• By Tsuyoshi Abe
  • May 31, 2020
  • InTech

By Tsuyoshi “Ted” Abe

We are facing a perfect storm created by a volatile, uncertain, complex, and ambiguous world. All industries are threatened by recession more than ever because of COVID-19. In the energy industry, this means digital transformation must be accelerated to change the game.

Plant assets and operations can be upgraded with learning and adaptive capabilities to provide automatic responses with minimal human interaction, freeing and empowering operators and other plant personnel to perform higher-level optimization tasks. This goal will be reached by undertaking a journey from industrial automation to industrial autonomy (IA2IA) to take us beyond Industry 4.0. While Industry 4.0 describes the high level of automation interconnectedness common in today’s systems, IA2IA moves further by introducing autonomy capabilities.

We have been discussing different aspects of this IA2IA journey with customers for a couple of years now, and recently we have extended that discussion to other industry stakeholders and experts. A pharmaceutical firm executive observed that: “The benefits of autonomy are clear; you can make the process cost effective because right now a lot of human interaction is still needed, which is quite expensive.”

The oil and gas industry has a particular need for autonomous operation. “You can bring less people offshore and bring more people onshore, essentially bringing them out of harm’s way and into a proper office building where you will have all the control systems,” points out a director at a market research firm.

As the second comment points out, autonomous operations free up personnel to innovate while improving safety. The need for autonomous operations is also becoming acute due to demographic shifts, as 71 percent of the energy industry workforce is now aged 50 or older, with similar numbers throughout the process manufacturing sector. Simply put, there will not be enough skilled or knowledgeable personnel to support current and future manufacturing needs. When routine, repetitive, physically demanding, and dangerous tasks can be performed autonomously, personnel can be redeployed on more mentally challenging tasks. A professor specializing in artificial intelligence stated: “The question is not whether the system will be autonomous. The question is what will the level of autonomous decision making be?”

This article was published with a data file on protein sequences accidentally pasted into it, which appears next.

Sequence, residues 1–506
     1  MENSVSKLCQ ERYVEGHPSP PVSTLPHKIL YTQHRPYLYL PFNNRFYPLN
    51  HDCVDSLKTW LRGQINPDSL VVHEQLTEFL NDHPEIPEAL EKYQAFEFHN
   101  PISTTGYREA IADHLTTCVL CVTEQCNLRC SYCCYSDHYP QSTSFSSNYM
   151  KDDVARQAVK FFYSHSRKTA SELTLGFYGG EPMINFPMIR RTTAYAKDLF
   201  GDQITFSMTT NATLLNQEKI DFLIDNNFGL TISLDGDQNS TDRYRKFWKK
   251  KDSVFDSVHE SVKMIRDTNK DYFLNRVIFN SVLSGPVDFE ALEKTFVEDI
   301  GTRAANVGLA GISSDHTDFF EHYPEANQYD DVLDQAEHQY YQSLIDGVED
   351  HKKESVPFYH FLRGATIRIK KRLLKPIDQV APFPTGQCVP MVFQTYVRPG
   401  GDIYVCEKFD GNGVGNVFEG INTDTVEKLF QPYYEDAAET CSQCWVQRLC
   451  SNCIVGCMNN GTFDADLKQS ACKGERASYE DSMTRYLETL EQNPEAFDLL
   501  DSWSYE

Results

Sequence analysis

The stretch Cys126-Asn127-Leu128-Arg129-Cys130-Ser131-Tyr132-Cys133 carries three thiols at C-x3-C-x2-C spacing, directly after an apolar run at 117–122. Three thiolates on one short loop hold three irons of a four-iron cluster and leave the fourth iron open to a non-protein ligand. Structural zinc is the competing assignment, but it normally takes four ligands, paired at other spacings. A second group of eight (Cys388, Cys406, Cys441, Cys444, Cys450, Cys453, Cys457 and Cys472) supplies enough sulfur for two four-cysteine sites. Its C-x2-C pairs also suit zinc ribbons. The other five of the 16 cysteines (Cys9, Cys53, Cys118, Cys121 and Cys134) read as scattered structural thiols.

Progress toward industrial autonomy appears to be inevitable, and it will be used for these twelve main benefits:

  • increase efficiency by improving personal and process productivity
  • improve availability by implementing predictive maintenance
  • provide better cybersecurity by delivering solutions with built-in features
  • improve safety through more intelligent application of relevant systems
  • increase flexibility by making plant production more agile
  • resolve supply-chain issues through better visibility upstream and downstream of production
  • improve operator actions through increased situational awareness
  • accelerate innovation by making better use of workforce creativity
  • deliver smarter products and services to improve offerings and drive revenue
  • implement a wider range of remote operations with minimal staffing
  • establish fully unmanned and autonomous operation
  • increase mobility by providing secure access to information from anywhere at anytime.

But we should keep in mind that even these benefits are just scratching the surface, because they will be achieved by applying autonomy to just a single asset, or perhaps to its direct value chain at best. This will certainly lead to benefits for the operator of the asset, but corporations now are expected to consider their operations from the point of view of planetary sustainability. That is why we must already start thinking about symbiotic autonomy, which delivers multi-win outcomes for a much wider range of stakeholders.

One example is the Kalundborg Symbiosi, a partnership between nine public and private companies in Kalundborg, Denmark. The partnership’s lead project links these companies together such that the energy, water, and material residue from one company becomes a resource at another, benefiting both the environment and the economy.

Yokogawa plans to take a leading role to make symbiotic autonomy a reality across the world. These types of projects point the way to the ultimate goal of the IA2IA maturity model, creating ecosystems where all benefit: people, companies, and the planet. As we like to say: “What’s next for our planet? Let’s make it smarter.”

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About The Authors

Dr. Tsuyoshi “Ted” Abe is the senior vice president of marketing for Yokogawa Electric Corporation. Dr. Abe spent 31 years at Intel Japan in a variety of technology, manufacturing, and marketing roles before joining Yokogawa in 2016 as senior vice president of Yokogawa’s global marketing headquarters.